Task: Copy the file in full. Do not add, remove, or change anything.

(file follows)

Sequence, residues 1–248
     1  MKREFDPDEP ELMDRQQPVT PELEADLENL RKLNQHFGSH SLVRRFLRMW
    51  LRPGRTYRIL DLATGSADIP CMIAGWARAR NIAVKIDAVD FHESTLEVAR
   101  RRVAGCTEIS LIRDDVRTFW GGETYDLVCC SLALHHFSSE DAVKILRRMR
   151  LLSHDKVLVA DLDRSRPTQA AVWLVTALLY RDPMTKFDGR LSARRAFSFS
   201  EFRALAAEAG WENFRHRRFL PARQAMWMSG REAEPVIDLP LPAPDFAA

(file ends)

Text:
Sequence, residues 1–248
     1  MKREFDPDEP ELMDRQQPVT PELEADLENL RKLNQHFGSH SLVRRFLRMW
    51  LRPGRTYRIL DLATGSADIP CMIAGWARAR NIAVKIDAVD FHESTLEVAR
   101  RRVAGCTEIS LIRDDVRTFW GGETYDLVCC SLALHHFSSE DAVKILRRMR
   151  LLSHDKVLVA DLDRSRPTQA AVWLVTALLY RDPMTKFDGR LSARRAFSFS
   201  EFRALAAEAG WENFRHRRFL PARQAMWMSG REAEPVIDLP LPAPDFAA